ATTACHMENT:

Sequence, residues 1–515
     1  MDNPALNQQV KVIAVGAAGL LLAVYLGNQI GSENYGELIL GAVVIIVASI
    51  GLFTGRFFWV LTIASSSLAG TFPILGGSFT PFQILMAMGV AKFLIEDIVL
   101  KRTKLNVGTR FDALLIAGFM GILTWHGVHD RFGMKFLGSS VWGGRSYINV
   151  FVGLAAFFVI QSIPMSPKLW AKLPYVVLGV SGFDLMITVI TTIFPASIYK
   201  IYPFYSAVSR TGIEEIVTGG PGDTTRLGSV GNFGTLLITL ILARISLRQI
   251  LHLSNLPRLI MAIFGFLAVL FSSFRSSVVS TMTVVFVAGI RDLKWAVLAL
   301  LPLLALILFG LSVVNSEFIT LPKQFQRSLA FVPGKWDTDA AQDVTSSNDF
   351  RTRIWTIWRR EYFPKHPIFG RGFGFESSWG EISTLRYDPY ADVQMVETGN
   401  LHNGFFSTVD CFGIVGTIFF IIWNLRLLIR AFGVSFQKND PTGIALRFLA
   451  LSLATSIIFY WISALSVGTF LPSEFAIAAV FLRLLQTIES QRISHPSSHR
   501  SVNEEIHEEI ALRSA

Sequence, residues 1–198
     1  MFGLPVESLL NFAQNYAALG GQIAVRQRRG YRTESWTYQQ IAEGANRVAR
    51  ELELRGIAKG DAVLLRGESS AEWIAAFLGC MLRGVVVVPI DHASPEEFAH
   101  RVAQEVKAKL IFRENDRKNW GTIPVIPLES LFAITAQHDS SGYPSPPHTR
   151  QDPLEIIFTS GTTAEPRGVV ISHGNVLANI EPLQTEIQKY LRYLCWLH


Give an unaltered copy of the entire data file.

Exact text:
Sequence, residues 1–515
     1  MDNPALNQQV KVIAVGAAGL LLAVYLGNQI GSENYGELIL GAVVIIVASI
    51  GLFTGRFFWV LTIASSSLAG TFPILGGSFT PFQILMAMGV AKFLIEDIVL
   101  KRTKLNVGTR FDALLIAGFM GILTWHGVHD RFGMKFLGSS VWGGRSYINV
   151  FVGLAAFFVI QSIPMSPKLW AKLPYVVLGV SGFDLMITVI TTIFPASIYK
   201  IYPFYSAVSR TGIEEIVTGG PGDTTRLGSV GNFGTLLITL ILARISLRQI
   251  LHLSNLPRLI MAIFGFLAVL FSSFRSSVVS TMTVVFVAGI RDLKWAVLAL
   301  LPLLALILFG LSVVNSEFIT LPKQFQRSLA FVPGKWDTDA AQDVTSSNDF
   351  RTRIWTIWRR EYFPKHPIFG RGFGFESSWG EISTLRYDPY ADVQMVETGN
   401  LHNGFFSTVD CFGIVGTIFF IIWNLRLLIR AFGVSFQKND PTGIALRFLA
   451  LSLATSIIFY WISALSVGTF LPSEFAIAAV FLRLLQTIES QRISHPSSHR
   501  SVNEEIHEEI ALRSA

Sequence, residues 1–198
     1  MFGLPVESLL NFAQNYAALG GQIAVRQRRG YRTESWTYQQ IAEGANRVAR
    51  ELELRGIAKG DAVLLRGESS AEWIAAFLGC MLRGVVVVPI DHASPEEFAH
   101  RVAQEVKAKL IFRENDRKNW GTIPVIPLES LFAITAQHDS SGYPSPPHTR
   151  QDPLEIIFTS GTTAEPRGVV ISHGNVLANI EPLQTEIQKY LRYLCWLH